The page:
With the Most Serene Republic of Venice in the background, Cantina Do Spade is one of the most ancient osterie of the Calle delle Spade area, near the S. Matteo di Rialto church, one of the emblems of a city which is so full of history and stories that sometimes they become poetic legends which perfectly merge with reality, as it happened, for example, with the habit of andar a ombre (go from one osteria to the other to drink some wine).
The origins of the bacari
Even if not all historians agree on this version, it is thought that the term used to define the typical glass of wine derives from the wine-makers’ habit of selling wine in the shadow of the San Marco church bell, on itinerant stalls that they moved in order to follow the shadow and keep the wine cool. Those sellers were called Bacari (a relatively recent term which dates back to the end of the nineteenth century and after which the osterie were named), which is thought to derive from and ancient dialectal expression used in Venice, far bàcara, which means to celebrate in the name of Bacchus. This is the origin of this representative gathering places which, with the passing of time, underwent inevitable changes that left behind the ancient appeal of a simple and authentic place, where aristocrats and gondoliers met to far do ciacole (chat), drink an ombra (glass of wine), eat a canocia (mantis shrimp) and maybe engage in a card duel.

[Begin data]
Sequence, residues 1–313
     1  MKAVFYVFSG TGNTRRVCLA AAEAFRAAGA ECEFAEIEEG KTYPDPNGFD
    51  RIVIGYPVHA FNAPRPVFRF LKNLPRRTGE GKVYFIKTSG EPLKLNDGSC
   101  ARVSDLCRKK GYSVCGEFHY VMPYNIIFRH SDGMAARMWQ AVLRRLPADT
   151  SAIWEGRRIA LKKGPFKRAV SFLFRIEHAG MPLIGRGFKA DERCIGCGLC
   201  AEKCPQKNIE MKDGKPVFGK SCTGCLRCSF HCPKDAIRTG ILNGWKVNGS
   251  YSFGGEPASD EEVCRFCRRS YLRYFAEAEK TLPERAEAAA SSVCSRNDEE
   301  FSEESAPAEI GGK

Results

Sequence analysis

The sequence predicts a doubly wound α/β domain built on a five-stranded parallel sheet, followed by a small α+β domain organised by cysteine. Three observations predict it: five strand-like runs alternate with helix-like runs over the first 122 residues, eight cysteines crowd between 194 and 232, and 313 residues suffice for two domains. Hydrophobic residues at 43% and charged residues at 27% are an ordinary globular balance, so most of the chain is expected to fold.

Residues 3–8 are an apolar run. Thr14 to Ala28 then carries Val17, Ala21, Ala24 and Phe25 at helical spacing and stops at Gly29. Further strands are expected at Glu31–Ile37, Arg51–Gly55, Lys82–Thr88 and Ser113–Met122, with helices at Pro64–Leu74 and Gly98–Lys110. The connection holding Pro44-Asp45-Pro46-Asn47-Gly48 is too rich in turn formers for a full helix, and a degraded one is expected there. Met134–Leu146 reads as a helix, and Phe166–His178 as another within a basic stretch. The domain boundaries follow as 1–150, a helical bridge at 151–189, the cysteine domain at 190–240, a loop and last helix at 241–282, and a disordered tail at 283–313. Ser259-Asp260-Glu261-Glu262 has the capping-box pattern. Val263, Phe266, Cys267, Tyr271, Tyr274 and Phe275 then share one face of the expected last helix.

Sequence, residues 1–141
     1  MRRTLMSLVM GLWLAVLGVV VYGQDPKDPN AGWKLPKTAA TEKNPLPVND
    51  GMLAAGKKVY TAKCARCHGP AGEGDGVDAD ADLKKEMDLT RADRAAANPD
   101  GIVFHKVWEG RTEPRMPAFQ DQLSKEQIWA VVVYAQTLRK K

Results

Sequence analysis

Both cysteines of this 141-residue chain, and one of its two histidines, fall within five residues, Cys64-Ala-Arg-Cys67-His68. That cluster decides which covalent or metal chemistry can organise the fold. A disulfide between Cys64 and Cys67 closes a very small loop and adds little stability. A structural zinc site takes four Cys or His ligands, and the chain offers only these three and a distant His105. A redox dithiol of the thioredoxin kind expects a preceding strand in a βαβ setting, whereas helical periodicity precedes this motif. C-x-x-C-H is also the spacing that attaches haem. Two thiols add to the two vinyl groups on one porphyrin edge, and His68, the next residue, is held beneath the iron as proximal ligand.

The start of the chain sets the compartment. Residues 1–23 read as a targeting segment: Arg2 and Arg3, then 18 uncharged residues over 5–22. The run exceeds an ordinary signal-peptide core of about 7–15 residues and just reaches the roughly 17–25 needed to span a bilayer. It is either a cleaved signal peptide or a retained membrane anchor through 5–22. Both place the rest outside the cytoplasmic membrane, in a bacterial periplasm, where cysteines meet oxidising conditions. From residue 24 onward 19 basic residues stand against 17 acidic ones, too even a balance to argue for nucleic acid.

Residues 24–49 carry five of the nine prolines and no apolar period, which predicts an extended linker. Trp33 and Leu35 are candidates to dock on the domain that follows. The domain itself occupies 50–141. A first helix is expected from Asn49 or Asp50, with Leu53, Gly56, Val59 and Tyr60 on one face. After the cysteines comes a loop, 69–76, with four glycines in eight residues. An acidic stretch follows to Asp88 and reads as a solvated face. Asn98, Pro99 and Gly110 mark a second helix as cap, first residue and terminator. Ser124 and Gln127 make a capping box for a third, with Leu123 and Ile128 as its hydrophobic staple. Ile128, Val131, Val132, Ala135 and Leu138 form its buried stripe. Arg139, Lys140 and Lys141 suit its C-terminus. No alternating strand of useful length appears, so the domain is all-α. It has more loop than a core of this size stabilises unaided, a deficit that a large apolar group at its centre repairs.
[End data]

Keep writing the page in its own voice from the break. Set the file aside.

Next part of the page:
Our osteria, however, despite the new trends, tries to maintain the strong bond with its origins, which date back to the fifteenth century, when the “Do Spade” sign was created as the symbol of the wine-makers brotherhood, which used to gather in the S. Matteo church.